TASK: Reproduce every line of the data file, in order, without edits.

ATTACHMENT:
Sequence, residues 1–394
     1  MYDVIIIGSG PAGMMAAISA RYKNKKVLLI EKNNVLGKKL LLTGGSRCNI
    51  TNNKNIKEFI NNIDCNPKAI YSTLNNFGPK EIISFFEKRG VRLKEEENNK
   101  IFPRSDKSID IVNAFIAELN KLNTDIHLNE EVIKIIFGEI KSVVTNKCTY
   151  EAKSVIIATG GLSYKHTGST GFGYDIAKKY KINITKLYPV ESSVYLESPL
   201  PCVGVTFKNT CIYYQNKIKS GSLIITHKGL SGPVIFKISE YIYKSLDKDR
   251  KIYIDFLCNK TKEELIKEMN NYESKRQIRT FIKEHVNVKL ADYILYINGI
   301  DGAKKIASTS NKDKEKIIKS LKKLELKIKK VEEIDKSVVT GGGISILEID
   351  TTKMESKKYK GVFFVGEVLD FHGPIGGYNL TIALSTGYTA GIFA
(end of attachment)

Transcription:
Sequence, residues 1–394
     1  MYDVIIIGSG PAGMMAAISA RYKNKKVLLI EKNNVLGKKL LLTGGSRCNI
    51  TNNKNIKEFI NNIDCNPKAI YSTLNNFGPK EIISFFEKRG VRLKEEENNK
   101  IFPRSDKSID IVNAFIAELN KLNTDIHLNE EVIKIIFGEI KSVVTNKCTY
   151  EAKSVIIATG GLSYKHTGST GFGYDIAKKY KINITKLYPV ESSVYLESPL
   201  PCVGVTFKNT CIYYQNKIKS GSLIITHKGL SGPVIFKISE YIYKSLDKDR
   251  KIYIDFLCNK TKEELIKEMN NYESKRQIRT FIKEHVNVKL ADYILYINGI
   301  DGAKKIASTS NKDKEKIIKS LKKLELKIKK VEEIDKSVVT GGGISILEID
   351  TTKMESKKYK GVFFVGEVLD FHGPIGGYNL TIALSTGYTA GIFA